Americas Articles

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David Bacon’s Children of NAFTA: Labor Wars on the US/Mexican Border offers a wide view of labor issues on both sides of the US-Mexican border and a deep view of the plight of involved unions and individuals. It is likely to appeal to multiple audiences, including policymakers, academics, union leaders, and the general public.

By Scott Morgenstern  |  May 6, 2006
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I would like to complement James Hsiung's article ("The Strategic Triangle," Spring 2004) by exploring the "not-so-strategic" triangle and thinking about the future of the relations between the three key players. In juxtaposing my themes with those of Hsiung's, the triangular relationship may perhaps be further understood in the current and future political context.

By Yu Bin  |  May 6, 2006
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Since Vincente Fox was elected president of Mexico in July 2000, the Zapatista rebellion in the Mexican state of Chiapas has received little attention from the international media. The tension between the government and the rebels, however, continues to affect regional stability today.

By Antonio Lupher  |  May 6, 2006
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Between 1968 and 1971, I repeatedly broke a solemn, formal promise that I had made in good faith: not to reveal to any "unauthorized persons" information that I received through certain channels and under certain safeguards, collectively known as the "classification" system.

By Daniel Ellsberg  |  May 6, 2006
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In the summer of 1998, representatives from 160 countries and a host of non-governmental organizations converged in Rome to draft a mandate for the establishment of the world's first global court for the prosecution of war crimes, genocide, and crimes against humanity. One month later, the Rome Statute emerged, creating the International Criminal Court (ICC). The theoretical foundation of the Rome Statute was the principle of jus cogens, the idea that peremptory moral norms bind all human beings regardless of national identity.

By Nick Green  |  May 6, 2006
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Alongside the proliferation of international treaties over the past half-century, an ongoing debate has grown in the United States over whether US courts should operate as part of an international system of law or remain an isolated entity. In a landmark ruling on June 29, 2004, the US Supreme Court upheld that US federal courts are open to hear complaints over violations of international law, thus allowing foreign victims of serious human rights abuses to sue individuals or companies in US courts.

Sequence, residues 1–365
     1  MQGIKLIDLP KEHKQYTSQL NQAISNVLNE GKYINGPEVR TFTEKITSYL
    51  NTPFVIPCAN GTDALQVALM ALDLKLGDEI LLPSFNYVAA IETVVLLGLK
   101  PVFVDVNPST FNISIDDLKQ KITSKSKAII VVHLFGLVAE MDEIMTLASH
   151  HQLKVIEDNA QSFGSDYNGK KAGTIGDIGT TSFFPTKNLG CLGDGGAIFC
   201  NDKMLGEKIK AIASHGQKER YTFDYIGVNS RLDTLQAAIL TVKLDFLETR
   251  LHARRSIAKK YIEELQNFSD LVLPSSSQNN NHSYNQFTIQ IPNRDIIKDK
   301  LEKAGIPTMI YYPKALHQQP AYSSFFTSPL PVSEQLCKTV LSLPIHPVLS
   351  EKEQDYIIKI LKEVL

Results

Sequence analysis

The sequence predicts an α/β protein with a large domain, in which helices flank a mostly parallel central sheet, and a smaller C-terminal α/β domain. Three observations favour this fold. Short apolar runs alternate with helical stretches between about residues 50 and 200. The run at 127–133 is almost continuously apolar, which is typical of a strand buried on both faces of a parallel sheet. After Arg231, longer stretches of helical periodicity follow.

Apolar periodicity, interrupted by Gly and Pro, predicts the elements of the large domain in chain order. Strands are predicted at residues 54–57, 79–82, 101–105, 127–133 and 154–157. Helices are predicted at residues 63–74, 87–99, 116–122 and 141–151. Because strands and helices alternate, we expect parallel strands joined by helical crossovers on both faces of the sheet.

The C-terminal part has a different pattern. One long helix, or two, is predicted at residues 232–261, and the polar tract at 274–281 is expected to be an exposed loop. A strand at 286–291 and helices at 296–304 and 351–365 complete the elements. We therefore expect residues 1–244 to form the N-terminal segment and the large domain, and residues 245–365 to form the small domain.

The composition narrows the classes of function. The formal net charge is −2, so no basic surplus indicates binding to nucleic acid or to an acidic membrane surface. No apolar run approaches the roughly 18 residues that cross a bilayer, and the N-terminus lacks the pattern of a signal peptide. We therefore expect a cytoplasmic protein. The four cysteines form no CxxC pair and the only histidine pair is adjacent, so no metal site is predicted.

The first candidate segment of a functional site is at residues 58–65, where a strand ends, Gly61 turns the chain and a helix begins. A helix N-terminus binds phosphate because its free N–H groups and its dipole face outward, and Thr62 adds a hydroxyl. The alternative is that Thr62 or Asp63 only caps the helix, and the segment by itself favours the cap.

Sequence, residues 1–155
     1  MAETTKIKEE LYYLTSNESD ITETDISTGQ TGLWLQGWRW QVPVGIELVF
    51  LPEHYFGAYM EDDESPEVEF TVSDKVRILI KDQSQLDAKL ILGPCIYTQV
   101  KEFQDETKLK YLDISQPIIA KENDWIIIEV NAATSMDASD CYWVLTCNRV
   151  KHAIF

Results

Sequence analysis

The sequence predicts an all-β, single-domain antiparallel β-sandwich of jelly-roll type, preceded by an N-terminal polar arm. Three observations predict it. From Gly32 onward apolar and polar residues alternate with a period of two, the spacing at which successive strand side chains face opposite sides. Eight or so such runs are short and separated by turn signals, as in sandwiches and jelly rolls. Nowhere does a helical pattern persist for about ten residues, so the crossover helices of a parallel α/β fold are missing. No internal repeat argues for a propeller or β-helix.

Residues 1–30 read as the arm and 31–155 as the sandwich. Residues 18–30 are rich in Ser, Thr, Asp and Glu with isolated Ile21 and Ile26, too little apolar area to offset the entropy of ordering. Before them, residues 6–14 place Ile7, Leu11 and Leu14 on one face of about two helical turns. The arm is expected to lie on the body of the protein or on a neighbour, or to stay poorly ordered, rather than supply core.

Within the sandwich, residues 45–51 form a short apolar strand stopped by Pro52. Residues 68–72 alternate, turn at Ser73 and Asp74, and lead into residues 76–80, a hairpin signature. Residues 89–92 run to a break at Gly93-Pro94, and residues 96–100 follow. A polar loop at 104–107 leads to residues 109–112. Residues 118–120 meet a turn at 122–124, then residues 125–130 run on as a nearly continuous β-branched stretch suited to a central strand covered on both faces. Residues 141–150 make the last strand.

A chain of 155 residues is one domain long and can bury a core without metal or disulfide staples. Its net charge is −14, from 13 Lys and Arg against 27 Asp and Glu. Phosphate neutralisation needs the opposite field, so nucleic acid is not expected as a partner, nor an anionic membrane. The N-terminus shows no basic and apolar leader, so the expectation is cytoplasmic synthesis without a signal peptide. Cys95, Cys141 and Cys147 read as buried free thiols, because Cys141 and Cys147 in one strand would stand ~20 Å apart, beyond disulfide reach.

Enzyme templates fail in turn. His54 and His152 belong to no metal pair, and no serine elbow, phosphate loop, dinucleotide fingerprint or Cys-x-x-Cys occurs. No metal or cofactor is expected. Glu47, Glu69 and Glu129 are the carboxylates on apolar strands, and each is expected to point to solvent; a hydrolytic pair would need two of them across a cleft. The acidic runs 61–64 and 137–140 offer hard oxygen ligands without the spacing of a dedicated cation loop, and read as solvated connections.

By Genevieve Sheehan  |  May 6, 2006
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The experiences of Bolivia and Ecuador over the past few years highlight the strength of indigenous movements in Latin America today and the momentum such movements have gained since their rebirth in the 1980s. Long relegated either to the peasant class or to the amorphous conglomeration of human beings Latin Americans refer to as the “marginal,” indigenous populations remain among the least integrated, most exploited groups in the region. However, social movements sparked by this community are beginning to hold their own ground.

By Gabriel Loperena  |  May 6, 2006
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In the summer of 2004, the US National Committee on Terrorist Attacks Upon the United States (“the 9/11 Commission”) released its final report explaining why the United States was blindsided by Al Qaeda on September 11, 2001, and what improvements the United States could make to reduce the chances of another catastrophic terrorist attack on US soil. The Commission went to great lengths to identify the shortcomings of the US governmental system that allowed the attacks to occur. Despite the Commission’s efforts, one important topic remained outside the scope of their report: the intellectual mindset that guides US national security strategy.

By Louis Klarevas  |  May 6, 2006
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Both state-led and market-led approaches to development present substantial difficulties in implementation and costs. However, for a country striving for economic development and a better position in the international economy in the long run, the state-led approach seems more advisable.

By Jeanette Park  |  May 6, 2006
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The discovery of new non-renewable natural resources, such as oil, natural gas, and minerals, has often been viewed as a sure-fire foundation for national development. Those countries lucky enough to strike black gold, or gold itself, see themselves as having taken the first important step on the road to prosperity. Therefore, it is not surprising that many have placed their hopes in resource exploitation as the means for lifting out of poverty a large proportion of the 2.7 billion people (nearly half of the world’s population) who live on less than US$2 per day.

By Melissa Dell  |  May 6, 2006